Phila Siu from Standard
Police are searching for a middle-aged man linked to what appears to have been a bid to grab students of a prominent primary school in Kowloon Tong.
But the suspect has a long start on the cops, for staff of La Salle Primary School only reported the move on three pupils yesterday morning - five days after an incident that has panicked parents.
And word of the incident only spread after a parent of one boy who was targeted wrote about it on an internet forum.
Security around the school was tight yesterday as officers of the Kowloon City District Crime Squad visited. Officers talked to parents and to security guards in nearby buildings.
The incident came after the kids left the school last Wednesday afternoon and were on their way to a coach that would drop them near their homes.
It involved a man aged around 40 who approached three youngsters walking together. He asked one of them, a Primary Three pupil, where he was going.
The youngster refused to answer him, and so the man turned to another child and asked if he wanted to go with him to "have some tea." That youngster said he did not want anything from the man and the three boys then ran to the coach.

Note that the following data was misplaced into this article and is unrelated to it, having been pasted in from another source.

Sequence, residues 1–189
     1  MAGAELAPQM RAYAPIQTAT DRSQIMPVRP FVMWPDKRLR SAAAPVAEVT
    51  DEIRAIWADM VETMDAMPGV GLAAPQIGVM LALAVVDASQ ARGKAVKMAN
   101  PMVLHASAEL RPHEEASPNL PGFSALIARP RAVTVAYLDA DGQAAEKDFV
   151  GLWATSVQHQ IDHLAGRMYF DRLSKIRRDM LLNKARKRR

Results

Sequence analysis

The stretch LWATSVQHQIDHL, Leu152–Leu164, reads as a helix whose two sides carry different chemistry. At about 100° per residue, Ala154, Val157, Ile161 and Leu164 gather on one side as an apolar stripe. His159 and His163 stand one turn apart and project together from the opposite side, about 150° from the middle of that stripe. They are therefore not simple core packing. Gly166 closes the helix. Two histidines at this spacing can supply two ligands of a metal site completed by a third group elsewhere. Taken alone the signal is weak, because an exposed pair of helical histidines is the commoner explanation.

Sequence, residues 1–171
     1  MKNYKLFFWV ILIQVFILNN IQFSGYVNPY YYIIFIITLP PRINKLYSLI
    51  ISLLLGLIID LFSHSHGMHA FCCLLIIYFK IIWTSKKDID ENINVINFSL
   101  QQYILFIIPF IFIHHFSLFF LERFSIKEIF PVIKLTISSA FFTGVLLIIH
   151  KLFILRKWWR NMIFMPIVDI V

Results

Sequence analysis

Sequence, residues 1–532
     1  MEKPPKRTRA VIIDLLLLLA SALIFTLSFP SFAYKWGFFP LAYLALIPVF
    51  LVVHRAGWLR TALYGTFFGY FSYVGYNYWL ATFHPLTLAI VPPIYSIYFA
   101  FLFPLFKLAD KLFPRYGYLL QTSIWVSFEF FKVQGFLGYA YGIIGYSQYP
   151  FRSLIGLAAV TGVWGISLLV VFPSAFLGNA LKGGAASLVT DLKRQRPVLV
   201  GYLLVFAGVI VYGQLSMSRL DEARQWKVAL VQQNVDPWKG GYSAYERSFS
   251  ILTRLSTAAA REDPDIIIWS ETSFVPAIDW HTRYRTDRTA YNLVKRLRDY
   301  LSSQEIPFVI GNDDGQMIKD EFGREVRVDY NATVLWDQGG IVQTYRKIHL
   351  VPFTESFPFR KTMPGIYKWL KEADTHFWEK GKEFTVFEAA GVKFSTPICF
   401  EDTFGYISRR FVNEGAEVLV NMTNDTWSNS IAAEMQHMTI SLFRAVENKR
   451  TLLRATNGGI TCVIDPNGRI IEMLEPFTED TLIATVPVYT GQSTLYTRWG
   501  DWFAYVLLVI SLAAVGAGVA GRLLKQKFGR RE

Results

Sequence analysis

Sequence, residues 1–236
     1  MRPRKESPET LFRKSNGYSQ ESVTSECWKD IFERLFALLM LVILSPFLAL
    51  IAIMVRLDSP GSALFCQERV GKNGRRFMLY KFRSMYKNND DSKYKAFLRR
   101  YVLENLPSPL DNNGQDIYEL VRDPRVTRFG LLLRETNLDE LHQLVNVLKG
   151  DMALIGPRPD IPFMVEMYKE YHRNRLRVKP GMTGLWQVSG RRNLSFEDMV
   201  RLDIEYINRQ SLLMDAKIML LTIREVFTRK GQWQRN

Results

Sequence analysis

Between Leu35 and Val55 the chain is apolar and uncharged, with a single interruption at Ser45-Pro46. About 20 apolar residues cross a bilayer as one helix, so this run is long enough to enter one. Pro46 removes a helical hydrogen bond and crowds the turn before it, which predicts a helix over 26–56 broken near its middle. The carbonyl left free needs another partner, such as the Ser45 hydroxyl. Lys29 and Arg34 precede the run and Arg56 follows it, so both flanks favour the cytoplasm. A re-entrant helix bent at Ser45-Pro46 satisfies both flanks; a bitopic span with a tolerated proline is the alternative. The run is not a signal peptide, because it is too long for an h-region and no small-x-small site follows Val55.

School head of discipline Simon Yu Tung-kiu said the incident came about because of a communication problem between parents and a coach company over where pupils should board the vehicle.
Staff from the company normally escort youngsters from the school to where the vehicle is parked - a walk of a few minut
es. But there was no one to escort the boys that day, so they walked alone to the coach outside the Maryknoll Convent School's primary division.
The coach was not outside La Salle Primary as pupils from other schools were also being picked up, Yu said.
"That coach service is not offered by the school," he added, saying it is a private arrangement. But the school has set up a task force and met with parents on transport arrangements.
The school also made announcements about the danger in morning assembly and sent letters yesterday to all parents about the incident. A police spokesman said the force has stepped up patrols in the area.
Leticia Lee See-yin, chairwoman of the Federation of Hong Kong Parents Association, was "very shocked."
She said she had heard of a similar case before the Lunar New Year when a man approached a young boy on his way home from a park in Tai Wai. But the child ran home.
Children do not have the strength to fight would-be abductors, she added, and "parents really have to warn their children not to talk to strangers."
In the La Salle Primary incident, she criticized the coach firm for failing to provide an escort and said the school should have a teacher ready to step in.